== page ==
If we find the indefinite and unpredictable magic of intention in things, it breaks our sense of thingness and usually results in an accusation of anthropomorphism. To impose consciousness onto other things, like plants or insects or water, is to impose our human frame of being onto something quite unlike ourselves.

It is an odd accusation, underpinned by its own fallacious anthropomorphism, in which consciousness or will or mind or whatever we imperfectly name it must be the same sort of consciousness or will or mind that we possess. There is a lurking tautological maxim in which mind cannot be non-human because mind is human that sits, unexplored, in the darkness of modern assumptions about things.

Things that are not like us do not have a mind. Things that are like us have a mind. God is like us, a named enminded man in the ether, because he has a mind and we have a mind, but things that are not like us are not like God. They are merely arrangements of dust.

Perhaps it is more comfortable not to lie beneath the tree. Perhaps it is more comfortable not to rest in the bizarre and mindbending alienness of plants and fungi and bees, because there is simply too much strangeness in there.


Edwin Abbott Abbott’s novel Flatland is sometimes considered the first piece of science fiction for its multidimensional thought experiments, but it is primarily an allegory: a tale of geometry, of axioms and how to break them, and of the mimetic illusions of the mind.

It tells the story of the Square, a contented member of the regular bourgeoisie in a two-dimensional world ruled by hierophant Circles. One night the Sphere arrives from a third dimension. At first, the Square does not understand what the Sphere is, appearing as it does first as a dot and then as a growing entity whose curvature indicates circularity but of no fixed size. He is discomforted by the apparition. In time, the Sphere communes with him and he with the Sphere, and the Sphere takes him to see Spaceland.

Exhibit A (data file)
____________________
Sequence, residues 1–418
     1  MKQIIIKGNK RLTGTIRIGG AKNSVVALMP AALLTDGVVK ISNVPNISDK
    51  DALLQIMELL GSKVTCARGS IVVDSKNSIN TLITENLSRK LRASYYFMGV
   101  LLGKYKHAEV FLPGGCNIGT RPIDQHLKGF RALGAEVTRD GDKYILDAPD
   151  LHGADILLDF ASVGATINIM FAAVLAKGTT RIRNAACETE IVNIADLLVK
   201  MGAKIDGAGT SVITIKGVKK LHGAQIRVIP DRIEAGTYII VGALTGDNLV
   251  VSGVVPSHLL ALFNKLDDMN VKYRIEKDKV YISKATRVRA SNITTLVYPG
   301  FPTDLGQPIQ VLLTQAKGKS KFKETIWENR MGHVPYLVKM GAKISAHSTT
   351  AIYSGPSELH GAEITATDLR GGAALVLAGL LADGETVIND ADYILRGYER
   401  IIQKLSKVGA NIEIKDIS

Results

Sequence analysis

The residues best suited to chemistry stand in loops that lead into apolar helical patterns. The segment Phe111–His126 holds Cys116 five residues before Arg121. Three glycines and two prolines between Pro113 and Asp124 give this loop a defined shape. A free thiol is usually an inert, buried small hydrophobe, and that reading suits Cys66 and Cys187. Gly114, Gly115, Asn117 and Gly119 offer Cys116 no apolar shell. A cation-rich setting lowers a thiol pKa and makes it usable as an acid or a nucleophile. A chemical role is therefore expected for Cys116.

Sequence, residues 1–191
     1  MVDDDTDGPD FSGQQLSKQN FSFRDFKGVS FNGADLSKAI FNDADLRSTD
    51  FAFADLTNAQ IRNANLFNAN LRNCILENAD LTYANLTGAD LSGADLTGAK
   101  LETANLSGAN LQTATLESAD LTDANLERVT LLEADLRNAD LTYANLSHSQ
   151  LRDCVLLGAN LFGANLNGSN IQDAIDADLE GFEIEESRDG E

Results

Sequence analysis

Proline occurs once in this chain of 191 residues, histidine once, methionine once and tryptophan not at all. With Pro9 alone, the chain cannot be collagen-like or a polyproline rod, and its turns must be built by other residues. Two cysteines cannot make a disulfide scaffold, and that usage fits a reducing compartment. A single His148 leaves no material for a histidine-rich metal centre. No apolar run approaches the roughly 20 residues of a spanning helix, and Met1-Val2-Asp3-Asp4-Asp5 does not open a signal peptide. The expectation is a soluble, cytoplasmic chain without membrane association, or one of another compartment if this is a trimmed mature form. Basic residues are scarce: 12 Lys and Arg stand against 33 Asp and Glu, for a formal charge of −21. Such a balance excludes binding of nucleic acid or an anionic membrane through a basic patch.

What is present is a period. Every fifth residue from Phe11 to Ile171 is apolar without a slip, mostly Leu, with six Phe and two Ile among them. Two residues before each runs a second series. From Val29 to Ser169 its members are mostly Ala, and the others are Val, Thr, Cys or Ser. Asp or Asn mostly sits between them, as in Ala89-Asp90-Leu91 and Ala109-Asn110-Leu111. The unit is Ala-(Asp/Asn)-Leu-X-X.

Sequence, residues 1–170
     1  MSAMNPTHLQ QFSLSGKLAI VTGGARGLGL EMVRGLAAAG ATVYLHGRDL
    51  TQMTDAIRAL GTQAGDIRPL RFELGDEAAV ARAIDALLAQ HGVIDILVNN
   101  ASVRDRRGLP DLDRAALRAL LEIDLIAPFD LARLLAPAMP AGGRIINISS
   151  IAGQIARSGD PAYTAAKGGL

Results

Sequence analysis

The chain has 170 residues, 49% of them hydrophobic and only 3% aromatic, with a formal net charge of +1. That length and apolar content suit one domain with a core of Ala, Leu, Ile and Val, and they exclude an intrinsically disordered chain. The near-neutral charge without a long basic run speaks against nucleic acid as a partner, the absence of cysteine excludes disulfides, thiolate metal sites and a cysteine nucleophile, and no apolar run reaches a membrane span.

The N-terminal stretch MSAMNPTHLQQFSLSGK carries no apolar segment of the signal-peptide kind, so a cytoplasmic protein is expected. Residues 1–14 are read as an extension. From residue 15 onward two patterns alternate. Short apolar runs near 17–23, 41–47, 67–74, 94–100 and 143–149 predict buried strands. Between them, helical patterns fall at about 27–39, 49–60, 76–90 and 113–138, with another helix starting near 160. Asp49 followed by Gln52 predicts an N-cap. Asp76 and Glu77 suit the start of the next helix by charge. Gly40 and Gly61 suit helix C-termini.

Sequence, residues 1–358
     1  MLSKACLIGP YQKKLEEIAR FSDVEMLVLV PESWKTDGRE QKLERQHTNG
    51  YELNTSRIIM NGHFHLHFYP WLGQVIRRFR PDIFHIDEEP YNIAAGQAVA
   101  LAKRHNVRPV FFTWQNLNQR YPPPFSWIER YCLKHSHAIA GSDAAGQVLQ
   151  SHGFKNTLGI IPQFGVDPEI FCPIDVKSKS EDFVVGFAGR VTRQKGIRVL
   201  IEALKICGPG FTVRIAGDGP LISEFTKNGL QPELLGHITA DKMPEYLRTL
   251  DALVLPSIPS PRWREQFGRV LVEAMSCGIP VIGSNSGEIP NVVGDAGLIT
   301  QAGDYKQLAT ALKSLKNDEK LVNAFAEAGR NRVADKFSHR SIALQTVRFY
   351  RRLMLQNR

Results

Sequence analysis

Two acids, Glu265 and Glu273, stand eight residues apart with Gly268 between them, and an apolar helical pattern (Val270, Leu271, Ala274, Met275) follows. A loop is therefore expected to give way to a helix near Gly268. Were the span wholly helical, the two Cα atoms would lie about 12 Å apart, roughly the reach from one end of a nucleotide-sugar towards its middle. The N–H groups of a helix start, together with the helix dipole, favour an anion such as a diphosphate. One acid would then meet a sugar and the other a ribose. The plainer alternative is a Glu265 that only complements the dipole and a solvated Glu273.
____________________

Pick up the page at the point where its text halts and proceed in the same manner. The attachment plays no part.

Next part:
Upon the Square’s return, the frames of his understanding exploded by the possibility of multiple dimensions and driven by a desire to share the knowledge he accrued in his strange experience, he is imprisoned as a madman or a heretic, for they are close cousins.

Whether it is a geometric heresy against the parallel axiom or a theological heresy against certainty, to speculate an otherworld is to engage in a heresy against the world we think we know. In that act of speculation, of imaginative invention, we access new worlds beyond the mind’s old frames. The most terrifying heresy is the possibility that they might be true.


To learn from a tree was to learn from another dimension, and other dimensions were strange and fearsome places whose magic operated on its own principles, and the worlds within them were infinite and unknowable. Sometimes, there were heretics who lived on the far edge of town and took their wisdom from the trees, and they would consume parts of the tree and take it into themselves, so that the tree would become them and they the tree.

Sometimes, the whole town would be complicit in this flirtation with the vegetable otherworld. Sometimes, on May morning, the young girls would go out into the dawn and sip the dew of roses, so that the beauty of the rose might transfer itself onto them for the day of the flowering and the dance.

The flowering boughs of Beltane and northern Midsummers brought the dance from the plants into the human realm, and the insistent life-beat of the plants would drum its way into the human dance, forging new couplings and bringing forth new human lives.


The infinite is remarkably easy to find with a little patience. It has a habit of expressing itself in both expected and unexpected ways. Sometimes, it announces itself by way of the indefinite in resisting description. Sometimes, it reveals itself in strangeness. Sometimes, it reveals itself in patterns.

Patterns have an odd tendency to repeat themselves across scales. We can call them archetypes or tropes or memes, depending on the texture of our cognition. The patterns of Dreamtime paintings and cell biology and the post-war future kitsch of what it would look like to be in space are made of the same shapes. As you circle a city from the air, spiralling closer from space in the approach to landing, it looks by turn like a ragged lichen on the many-scarred dirty surface of its rock, and then cellular, subdivided and peppered with receptors and transmitters and active transport channels. Here are xylem and phloem; veins and arteries; modes of commuting and of commerce.

When we look closely at small things, at tangible objects of little consequence, we find new complexities in them. The same geometric and technological elegance can be found in the architecture of Brunel and organelles, in the double-helix of DNA, in dendriform management structures and in new leaves.